Information access and donated gametes: how much do we know about who wants to know?
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This paper reviews the methodological adequacy of the psychosocial literature on information access when donated gametes and embryos are used. In all, 10 major flaws were identified: (i) sample sizes were too small, (ii) sample selection procedures were ad hoc, (iii) there were no comparisons between current and past donors and recipients, (iv) there were no comparisons between current donors and recipients in the one study, (v) studies relied on just one partner from a recipient couple, (vi) donor motivation was assessed crudely, (vii) studies failed to clarify what was identifying and non-identifying information, (viii) links between researchers and clinics may have influenced respondents, (ix) response measurement was crude, and (x) data analysis was limited and basic. It is argued that these flaws prohibit any firm conclusions to be drawn either way about whether donors and recipients should disclose information, whether they should have access to information, or even whether donors and recipients want to have access to information about each other or to have information about themselves disclosed to the other party.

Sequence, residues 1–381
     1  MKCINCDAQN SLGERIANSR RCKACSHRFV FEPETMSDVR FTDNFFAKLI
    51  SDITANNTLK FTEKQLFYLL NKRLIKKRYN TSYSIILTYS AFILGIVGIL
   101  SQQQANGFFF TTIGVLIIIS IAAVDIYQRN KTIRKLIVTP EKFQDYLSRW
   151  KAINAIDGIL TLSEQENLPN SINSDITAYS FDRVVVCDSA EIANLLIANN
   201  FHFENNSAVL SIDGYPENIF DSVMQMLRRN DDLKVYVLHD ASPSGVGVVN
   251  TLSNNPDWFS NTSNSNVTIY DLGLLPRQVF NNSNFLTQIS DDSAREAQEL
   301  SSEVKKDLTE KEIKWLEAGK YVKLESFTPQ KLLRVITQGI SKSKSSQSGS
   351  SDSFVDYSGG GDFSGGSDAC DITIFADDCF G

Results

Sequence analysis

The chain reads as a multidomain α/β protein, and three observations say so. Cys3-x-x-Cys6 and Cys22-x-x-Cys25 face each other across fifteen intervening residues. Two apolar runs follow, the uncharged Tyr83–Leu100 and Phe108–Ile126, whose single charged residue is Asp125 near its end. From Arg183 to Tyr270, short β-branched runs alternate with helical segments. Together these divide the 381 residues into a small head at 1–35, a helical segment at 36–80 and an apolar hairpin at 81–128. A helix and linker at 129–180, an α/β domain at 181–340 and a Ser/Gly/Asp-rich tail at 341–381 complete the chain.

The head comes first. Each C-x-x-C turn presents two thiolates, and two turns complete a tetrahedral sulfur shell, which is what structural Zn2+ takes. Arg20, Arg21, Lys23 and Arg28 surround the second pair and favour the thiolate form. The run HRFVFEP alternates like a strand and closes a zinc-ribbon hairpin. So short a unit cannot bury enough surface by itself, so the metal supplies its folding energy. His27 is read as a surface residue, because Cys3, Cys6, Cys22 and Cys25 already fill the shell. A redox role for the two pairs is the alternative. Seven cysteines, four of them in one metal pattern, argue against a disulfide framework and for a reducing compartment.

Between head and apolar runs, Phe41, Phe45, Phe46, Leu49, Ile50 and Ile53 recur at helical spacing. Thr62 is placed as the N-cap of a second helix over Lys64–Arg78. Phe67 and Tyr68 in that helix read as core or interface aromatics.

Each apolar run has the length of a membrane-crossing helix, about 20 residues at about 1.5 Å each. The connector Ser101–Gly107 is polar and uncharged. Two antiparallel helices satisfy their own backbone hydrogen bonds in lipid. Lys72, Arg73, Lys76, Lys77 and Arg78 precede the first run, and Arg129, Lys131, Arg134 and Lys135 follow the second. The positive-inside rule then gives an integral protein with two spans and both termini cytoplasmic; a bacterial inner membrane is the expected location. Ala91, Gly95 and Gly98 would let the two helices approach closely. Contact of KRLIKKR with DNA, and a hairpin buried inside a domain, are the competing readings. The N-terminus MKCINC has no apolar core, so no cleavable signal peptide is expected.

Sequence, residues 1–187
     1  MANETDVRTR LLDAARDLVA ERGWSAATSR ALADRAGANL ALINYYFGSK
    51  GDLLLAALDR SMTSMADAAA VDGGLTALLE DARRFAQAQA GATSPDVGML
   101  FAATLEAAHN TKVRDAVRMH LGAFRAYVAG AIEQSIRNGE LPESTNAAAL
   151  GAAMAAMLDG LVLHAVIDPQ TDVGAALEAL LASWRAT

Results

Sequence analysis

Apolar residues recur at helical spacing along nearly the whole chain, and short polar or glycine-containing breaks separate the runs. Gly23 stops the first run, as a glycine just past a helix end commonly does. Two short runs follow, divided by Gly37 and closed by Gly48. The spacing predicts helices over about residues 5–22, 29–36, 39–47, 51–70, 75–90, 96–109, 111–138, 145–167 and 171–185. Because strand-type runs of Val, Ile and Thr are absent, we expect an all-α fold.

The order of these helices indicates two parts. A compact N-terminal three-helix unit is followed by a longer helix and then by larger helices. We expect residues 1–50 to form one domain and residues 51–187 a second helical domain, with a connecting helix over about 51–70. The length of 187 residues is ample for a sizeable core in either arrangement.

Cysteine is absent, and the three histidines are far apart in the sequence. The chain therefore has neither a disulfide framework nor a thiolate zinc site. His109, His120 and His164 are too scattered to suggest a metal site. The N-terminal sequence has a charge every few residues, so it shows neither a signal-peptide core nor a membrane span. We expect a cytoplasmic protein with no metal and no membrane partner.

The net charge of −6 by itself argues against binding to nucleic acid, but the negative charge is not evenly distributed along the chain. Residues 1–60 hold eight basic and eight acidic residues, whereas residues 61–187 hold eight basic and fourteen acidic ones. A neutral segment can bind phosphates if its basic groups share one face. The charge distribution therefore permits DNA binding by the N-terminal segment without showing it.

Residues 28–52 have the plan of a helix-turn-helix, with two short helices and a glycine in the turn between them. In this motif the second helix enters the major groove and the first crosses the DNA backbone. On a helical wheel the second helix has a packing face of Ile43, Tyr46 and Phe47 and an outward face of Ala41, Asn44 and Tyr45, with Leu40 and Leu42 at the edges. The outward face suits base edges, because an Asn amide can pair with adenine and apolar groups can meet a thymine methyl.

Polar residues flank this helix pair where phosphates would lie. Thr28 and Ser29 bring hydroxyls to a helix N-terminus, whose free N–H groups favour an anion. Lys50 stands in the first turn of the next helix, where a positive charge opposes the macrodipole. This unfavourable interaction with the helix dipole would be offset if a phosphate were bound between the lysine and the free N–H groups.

|Publication Type:||Journal Article|
|Murdoch Affiliation:||School of Psychology|
|Publisher:||Oxford University Press|
|Copyright:||© 1995 European Society of Human Reproduction and Embryology|
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